In today’s edition: a close call in a coroner’s election; gentrification, and a labor dispute hit the dead.
Here’s one election where the dead should have a vote. The race for Coroner of Greene County is still too close to call. The Washington, Pennsylvania Observer-Reporter writes that only one vote separates the two candidates. And the paper is pretty pissed at the electorate, complaining that nearly 10,000 less votes were cast in this year’s municipal election compared to last year’s presidential one, which Donald Trump carried with just over 62% of the votes. While we here at Obit make no judgements, and offer no opinions on the local issues, we believe that either of the two coroner candidates would do a better job than Donald Trump.
As American cities become more and more playgrounds for the wealthy, with even neighborhoods like Bushwick seeing six-figure condos and artisinal pemmican emporia, long-time residents mourn over the loss of the candy store that made great egg creams, or the eccentric button and yarn store. In Chandigarh, India, the issues a just a little different. As the Dhakoli village has become urbanized, those who recently moved in are starting to complain about the local cremation ground. As the Hindustan Times reports, the new neighbors have complained about the smell of burning flesh; another expressed shock that mourners were sad. For those whose families have lived in the village for generations, it’s a sacred space. As Jagdev Singh, a local elected official put it: “Our ancestors were cremated in this ground so our people are emotionally attached to this ground.” While we here at Obit are city people (albeit ones who don’t know where to find a good egg cream anymore), we have to side with the villagers on this one. The cremation ground was there long before the town was on anyone’s radar. While we’re sure the realtor never mentioned it, it’s up to the prospective renter to ask, “so, that smell of burning flesh…it that a regular thing?”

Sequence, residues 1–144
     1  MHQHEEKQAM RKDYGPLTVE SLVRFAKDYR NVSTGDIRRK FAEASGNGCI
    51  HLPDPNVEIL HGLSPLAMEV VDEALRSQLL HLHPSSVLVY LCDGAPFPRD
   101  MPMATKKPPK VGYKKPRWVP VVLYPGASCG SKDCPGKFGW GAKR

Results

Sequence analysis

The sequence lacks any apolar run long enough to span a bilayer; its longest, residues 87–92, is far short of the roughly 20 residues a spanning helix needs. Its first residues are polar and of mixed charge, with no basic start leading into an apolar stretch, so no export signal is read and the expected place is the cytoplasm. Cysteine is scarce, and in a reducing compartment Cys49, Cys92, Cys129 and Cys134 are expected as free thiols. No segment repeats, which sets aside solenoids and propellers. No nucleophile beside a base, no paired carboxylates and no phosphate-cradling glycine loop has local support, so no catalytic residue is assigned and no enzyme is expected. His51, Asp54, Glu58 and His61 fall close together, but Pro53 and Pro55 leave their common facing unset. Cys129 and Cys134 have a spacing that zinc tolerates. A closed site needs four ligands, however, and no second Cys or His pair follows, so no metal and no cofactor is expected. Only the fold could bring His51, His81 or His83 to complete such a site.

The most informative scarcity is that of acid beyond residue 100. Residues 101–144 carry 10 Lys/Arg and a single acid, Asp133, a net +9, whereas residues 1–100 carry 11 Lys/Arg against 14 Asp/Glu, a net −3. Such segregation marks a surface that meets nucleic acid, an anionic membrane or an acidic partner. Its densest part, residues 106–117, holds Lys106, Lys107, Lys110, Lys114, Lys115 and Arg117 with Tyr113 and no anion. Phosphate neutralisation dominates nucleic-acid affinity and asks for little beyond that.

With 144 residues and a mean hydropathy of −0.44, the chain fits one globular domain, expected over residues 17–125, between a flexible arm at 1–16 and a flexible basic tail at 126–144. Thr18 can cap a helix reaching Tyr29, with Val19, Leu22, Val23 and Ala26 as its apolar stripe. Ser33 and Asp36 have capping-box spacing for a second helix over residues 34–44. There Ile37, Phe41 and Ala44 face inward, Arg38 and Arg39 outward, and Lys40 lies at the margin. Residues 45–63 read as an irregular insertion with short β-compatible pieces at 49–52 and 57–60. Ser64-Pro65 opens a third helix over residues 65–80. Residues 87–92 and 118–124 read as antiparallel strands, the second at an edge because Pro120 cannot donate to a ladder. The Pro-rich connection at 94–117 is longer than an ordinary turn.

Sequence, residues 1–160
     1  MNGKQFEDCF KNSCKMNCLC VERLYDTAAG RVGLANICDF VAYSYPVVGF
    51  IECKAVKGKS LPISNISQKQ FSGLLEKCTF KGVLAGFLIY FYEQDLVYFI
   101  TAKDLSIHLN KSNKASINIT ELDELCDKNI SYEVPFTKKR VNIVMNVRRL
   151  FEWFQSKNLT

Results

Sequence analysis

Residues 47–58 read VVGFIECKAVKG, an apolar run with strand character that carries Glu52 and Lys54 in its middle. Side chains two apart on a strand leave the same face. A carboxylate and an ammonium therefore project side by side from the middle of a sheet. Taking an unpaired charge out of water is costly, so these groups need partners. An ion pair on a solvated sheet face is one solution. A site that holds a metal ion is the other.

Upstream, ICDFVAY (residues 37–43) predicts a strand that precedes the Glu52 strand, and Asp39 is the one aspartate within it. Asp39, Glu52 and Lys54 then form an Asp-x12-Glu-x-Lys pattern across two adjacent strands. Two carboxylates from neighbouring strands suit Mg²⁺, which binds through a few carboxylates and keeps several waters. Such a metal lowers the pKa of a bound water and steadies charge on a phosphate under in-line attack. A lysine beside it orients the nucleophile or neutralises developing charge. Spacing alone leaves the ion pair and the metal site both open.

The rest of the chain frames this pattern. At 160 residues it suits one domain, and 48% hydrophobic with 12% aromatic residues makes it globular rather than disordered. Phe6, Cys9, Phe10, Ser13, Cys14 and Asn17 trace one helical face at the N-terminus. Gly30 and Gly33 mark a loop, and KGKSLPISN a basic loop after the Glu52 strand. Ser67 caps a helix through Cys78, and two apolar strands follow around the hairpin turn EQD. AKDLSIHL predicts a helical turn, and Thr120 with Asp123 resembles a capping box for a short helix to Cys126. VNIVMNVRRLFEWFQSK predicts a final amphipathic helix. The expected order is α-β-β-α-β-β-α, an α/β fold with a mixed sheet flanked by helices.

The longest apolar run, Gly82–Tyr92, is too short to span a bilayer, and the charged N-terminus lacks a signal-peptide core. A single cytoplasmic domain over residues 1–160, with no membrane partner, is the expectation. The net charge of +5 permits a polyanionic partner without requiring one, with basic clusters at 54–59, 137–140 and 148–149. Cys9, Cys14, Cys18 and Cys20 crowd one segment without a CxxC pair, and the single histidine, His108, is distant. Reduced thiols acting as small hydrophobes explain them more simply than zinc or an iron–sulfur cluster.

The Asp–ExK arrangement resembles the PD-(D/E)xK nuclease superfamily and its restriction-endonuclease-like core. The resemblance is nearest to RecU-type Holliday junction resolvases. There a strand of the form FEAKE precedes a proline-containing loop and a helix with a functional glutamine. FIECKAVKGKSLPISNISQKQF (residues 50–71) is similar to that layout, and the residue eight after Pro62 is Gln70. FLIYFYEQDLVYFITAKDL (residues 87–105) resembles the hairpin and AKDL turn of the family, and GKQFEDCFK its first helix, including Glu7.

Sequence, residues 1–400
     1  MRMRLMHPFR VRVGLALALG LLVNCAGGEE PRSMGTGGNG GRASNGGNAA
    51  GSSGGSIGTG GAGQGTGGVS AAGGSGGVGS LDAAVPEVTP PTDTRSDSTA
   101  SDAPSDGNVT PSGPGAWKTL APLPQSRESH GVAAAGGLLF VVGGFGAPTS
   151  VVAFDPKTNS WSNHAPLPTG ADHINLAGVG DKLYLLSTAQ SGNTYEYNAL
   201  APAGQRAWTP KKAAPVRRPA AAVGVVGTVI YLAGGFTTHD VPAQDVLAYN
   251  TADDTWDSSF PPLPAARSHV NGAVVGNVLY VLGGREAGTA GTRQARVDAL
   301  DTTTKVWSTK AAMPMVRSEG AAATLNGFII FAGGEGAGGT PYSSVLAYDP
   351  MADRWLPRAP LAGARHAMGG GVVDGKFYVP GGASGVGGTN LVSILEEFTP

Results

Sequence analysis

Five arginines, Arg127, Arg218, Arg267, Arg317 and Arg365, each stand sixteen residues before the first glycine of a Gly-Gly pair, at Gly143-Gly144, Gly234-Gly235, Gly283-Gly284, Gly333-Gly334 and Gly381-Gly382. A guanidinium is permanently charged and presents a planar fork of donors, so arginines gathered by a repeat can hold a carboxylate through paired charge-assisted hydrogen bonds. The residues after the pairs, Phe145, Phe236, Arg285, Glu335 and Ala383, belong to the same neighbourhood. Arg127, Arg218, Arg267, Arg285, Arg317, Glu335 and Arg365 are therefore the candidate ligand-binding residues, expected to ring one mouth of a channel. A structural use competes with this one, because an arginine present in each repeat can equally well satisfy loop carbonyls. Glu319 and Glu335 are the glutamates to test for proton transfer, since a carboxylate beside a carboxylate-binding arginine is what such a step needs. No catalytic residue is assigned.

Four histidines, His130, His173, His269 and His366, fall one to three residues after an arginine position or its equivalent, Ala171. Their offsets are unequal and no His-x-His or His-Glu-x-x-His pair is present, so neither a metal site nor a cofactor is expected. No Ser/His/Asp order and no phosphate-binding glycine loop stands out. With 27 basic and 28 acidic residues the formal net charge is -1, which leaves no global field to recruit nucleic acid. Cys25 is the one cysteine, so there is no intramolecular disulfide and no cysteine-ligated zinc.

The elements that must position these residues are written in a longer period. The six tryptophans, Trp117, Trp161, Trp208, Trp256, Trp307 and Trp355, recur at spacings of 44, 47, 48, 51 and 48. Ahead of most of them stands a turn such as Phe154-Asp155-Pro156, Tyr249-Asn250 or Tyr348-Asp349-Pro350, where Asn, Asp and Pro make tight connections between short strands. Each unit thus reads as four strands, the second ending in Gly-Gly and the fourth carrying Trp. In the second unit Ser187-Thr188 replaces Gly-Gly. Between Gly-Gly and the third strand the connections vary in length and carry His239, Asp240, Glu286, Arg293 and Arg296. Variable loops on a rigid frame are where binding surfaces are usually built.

Burning flesh is probably preferable to what the people of Coimbatore, India have to put up with. There’s a backlog of dead bodies are the local mortuaries, because the mortuary van drivers have gone on strike. Among their issues: of the towns fleet of ten vans, only two are in good working order at any one time; the freezer boxes are ill-maintained; and to save time and money, they are forced to convey three bodies in freezer boxes intended to hold only one corpse. As one driver explained, “two bodies are placed outside and the bodies start decomposing even before we reach the destination.”